Not gonna lie. I’m angry. As I reflect upon the presidential election and the troubling ripples it continues to cast I am angry. And fearful. I have tried in the short-term to productively channel these emotions by calling my congresspeople and making donations to various organizations.
But in the longer term I have concerns about my anger. I think it is okay to be angry, but generally speaking I am aware that my anger and fear have made me impatient and short-tempered in my daily interactions with colleagues and students. And this worries me. While I think anger can be an inspiring emotion–it can motivate us to take action and fight back–it is ultimately, in my experience, an exhausting and unproductive emotion if you inhabit it for too long. So inspired by a terrific Tumblr account and the Twitter hashtag #AcademicKindness, I’m determined to find ways to insert more of this into the culture of my campus and my broader professional communities. And before you accuse me of being a Pollyanna and just trying to paper over real problems with sunshine and flowers, I also want to offer some insights as to why such an approach has merit beyond temporarily assuaging unpleasant feelings.
Being truly present for my students. Over and over again the evidence about retention and student satisfaction demonstrates that one of the most significant factors is the sense of connectedness that students form with their professors. In his book, Small Teaching, James Lang highlights small, easy things we can do to reach out to our students. For example, arrive a few minutes early for class and make a point, over the course of the semester, to chat with each student–not just the ones in the front few rows. The twenty-first century university has, in my opinion, become too enamored of shiny software fixes. Yes, that clever online advising system does make a difference, but so does something deceptively simple: human relationships.
Such an approach doesn’t just make students happier, it can also impact student learning. In their book How College Works, Dan Chambliss and Christopher Takacs have demonstrated that student motivation increases when they sense this kind of investment and attention from their professors. If we can engage students at this level, then we can leverage that motivation and enthusiasm in other ways that promote their learning.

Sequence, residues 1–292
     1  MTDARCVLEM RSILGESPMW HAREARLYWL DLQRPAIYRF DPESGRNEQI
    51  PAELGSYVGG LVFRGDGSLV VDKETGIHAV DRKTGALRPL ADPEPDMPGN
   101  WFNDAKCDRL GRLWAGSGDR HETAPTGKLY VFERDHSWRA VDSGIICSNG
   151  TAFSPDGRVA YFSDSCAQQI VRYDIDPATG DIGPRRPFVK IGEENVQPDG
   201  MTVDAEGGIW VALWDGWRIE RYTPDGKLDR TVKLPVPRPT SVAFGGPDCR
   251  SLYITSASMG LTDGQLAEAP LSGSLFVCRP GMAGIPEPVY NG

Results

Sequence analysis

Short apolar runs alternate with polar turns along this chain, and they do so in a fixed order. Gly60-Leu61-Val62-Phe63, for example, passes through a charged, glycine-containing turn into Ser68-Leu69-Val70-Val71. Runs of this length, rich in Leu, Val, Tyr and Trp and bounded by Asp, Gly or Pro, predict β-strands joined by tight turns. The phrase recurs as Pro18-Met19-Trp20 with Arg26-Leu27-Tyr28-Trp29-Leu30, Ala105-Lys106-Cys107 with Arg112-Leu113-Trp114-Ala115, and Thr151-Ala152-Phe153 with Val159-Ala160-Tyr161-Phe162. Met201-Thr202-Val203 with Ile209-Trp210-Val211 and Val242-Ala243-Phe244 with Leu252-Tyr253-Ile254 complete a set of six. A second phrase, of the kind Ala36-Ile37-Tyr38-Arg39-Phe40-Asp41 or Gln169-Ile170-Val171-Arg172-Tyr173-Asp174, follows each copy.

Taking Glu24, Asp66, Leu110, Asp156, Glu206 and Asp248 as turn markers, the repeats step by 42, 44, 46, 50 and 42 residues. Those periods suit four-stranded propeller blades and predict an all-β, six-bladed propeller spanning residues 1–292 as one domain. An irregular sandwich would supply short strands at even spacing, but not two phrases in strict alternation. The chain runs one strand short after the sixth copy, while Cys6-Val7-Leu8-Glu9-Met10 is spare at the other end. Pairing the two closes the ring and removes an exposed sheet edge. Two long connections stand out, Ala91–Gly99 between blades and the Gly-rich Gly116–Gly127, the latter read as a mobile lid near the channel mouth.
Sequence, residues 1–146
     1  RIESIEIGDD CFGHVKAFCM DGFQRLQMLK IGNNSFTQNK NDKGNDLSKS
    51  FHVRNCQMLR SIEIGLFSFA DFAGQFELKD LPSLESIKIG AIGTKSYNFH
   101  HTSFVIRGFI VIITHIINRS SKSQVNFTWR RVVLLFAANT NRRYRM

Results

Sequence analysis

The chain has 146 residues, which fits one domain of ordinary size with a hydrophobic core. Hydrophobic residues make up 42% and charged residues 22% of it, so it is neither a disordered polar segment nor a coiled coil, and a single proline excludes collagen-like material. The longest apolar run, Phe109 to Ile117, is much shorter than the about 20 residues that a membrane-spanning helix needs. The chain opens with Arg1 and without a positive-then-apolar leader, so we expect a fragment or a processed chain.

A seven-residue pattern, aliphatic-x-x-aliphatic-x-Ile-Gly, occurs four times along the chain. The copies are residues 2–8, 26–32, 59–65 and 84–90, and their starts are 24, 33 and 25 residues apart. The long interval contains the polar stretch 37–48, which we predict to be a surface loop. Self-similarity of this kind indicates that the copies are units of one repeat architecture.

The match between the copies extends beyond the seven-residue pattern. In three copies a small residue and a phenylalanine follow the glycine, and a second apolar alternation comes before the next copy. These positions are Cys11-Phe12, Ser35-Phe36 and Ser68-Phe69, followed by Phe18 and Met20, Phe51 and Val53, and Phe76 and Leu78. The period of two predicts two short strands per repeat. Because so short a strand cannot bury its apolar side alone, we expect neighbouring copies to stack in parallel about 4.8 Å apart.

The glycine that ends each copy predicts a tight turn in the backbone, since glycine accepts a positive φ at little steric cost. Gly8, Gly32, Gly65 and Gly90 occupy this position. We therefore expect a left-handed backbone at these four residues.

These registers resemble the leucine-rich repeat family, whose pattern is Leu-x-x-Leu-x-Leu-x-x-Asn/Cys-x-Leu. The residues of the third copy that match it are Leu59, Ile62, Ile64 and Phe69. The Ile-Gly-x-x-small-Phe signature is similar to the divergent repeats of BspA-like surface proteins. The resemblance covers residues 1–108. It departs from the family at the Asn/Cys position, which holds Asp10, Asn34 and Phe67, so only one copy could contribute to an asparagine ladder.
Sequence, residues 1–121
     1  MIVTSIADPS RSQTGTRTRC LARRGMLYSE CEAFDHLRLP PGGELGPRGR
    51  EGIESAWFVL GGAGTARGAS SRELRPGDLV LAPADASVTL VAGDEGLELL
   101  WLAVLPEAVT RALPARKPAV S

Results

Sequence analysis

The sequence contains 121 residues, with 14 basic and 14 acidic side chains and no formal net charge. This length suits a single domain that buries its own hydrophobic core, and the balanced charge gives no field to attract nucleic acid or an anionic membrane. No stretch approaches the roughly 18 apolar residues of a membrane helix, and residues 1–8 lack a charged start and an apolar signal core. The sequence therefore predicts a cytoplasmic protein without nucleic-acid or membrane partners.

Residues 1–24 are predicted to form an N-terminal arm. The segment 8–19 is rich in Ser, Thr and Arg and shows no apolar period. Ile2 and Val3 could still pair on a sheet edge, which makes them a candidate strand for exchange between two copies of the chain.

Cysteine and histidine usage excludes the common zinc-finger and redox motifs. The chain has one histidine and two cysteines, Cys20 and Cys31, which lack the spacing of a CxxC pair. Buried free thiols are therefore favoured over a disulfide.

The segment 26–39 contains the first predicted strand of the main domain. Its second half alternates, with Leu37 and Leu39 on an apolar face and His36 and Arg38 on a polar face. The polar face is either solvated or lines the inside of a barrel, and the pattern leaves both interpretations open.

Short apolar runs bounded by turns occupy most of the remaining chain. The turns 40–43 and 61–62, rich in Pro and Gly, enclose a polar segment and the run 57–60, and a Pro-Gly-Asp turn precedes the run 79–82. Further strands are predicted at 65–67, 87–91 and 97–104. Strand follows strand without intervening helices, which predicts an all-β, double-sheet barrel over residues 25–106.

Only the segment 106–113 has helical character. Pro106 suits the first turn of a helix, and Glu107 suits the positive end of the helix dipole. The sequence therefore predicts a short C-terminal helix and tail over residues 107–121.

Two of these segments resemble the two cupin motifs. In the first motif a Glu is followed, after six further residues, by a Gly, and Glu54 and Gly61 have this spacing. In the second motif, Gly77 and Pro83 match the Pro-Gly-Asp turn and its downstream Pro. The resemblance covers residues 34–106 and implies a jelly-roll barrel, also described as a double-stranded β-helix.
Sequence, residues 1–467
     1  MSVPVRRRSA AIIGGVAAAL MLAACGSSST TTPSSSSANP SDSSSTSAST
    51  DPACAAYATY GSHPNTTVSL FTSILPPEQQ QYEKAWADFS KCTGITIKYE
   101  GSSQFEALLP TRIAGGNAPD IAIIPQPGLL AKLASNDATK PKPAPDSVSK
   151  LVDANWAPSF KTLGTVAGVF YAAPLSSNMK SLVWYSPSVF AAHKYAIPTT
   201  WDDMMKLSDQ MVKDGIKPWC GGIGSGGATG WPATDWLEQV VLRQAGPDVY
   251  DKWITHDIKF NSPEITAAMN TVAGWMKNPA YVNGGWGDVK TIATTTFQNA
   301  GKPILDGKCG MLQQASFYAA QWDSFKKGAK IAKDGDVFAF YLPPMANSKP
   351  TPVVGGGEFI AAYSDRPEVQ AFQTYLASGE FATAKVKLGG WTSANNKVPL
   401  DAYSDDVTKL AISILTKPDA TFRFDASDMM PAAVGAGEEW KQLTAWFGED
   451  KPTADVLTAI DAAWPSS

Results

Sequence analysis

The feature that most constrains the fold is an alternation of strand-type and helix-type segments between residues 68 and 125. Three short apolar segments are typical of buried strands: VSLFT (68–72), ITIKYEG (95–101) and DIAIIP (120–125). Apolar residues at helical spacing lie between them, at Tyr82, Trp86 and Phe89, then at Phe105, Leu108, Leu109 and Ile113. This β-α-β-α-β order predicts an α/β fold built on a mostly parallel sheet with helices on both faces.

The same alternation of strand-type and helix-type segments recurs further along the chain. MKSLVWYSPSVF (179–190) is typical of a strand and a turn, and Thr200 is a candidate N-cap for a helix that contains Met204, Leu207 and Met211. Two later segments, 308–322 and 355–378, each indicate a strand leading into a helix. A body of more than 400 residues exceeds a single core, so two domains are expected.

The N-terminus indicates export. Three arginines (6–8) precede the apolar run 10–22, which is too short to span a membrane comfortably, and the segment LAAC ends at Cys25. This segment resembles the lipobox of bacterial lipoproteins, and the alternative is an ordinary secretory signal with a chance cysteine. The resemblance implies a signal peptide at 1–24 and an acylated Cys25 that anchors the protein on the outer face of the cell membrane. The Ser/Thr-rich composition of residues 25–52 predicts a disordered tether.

But then it occurs to me, why would we limit such an approach to our students? Surely we want to retain good faculty and colleagues and promote their job satisfaction, too, right? Surely, we want to motivate them to do their best work. What might this look like in practice?
Create community among our colleagues. And no, I don’t mean department meetings. I never cease to be amazed at the power of a shared meal or cup of coffee and conversation. When I was a department chair I instituted a weekly opportunity for faculty to gather, imbibe some caffeine, and share a snack. It cost next to nothing and it fostered tremendous good will. Some of the conversations inspired new initiatives and projects. We could replicate this practice or variations on it across various categories enacting it at the departmental level, as a way to foster interdisciplinary conversations, or to bring colleagues together to discuss teaching and pedagogy.
Recognize good work. Let people know when they’ve done something you appreciate or find valuable. In these short-tempered days I am very quick to complain about the colleagues who annoy me. But this it to ignore the ones who unfailingly meet deadlines, produce great work, or otherwise are just easy and pleasant to work with. And here, too, the lessons from student motivation and learning have something to tell us. Much of what drives faculty is the reward system of tenure and promotion–in other words, they are extrinsically motivated. Staff motivation is often built upon a parallel rewards system of merit pay and the like.
But in these difficult times I believe it is all the more important to help connect the people we work with to intrinsic motivation, something bigger than themselves and beyond the quotidian tasks at hand. Research has demonstrated that the more specific we are in our praise of students and the more we connect it to their development of skills or a larger purpose, the more it resonates with them and motivates them to improve or continue to perform at high levels. So rather than simply thanking a staff member for helping a student, what if it went something like: “thank you so much for taking the time to work with that student. Connecting her to that important resource is going to help with her graduate school application.” And for the faculty colleague: “I really appreciate your hard work on that report. Your thoroughness is going to make it much easier for me to argue with the dean for new positions.”
Finally, practice some academic kindness on yourself. I know it’s a busy time of the semester/quarter/term. But this week commit to carving out 20-30 minutes in your schedule for something that is pure joy for you: reading for pleasure, going for a run, watching an episode of your favorite sit-com, taking your dog for a walk, enjoying a meal and conversation with your partner or a friend, or maybe, just maybe sitting still and doing nothing.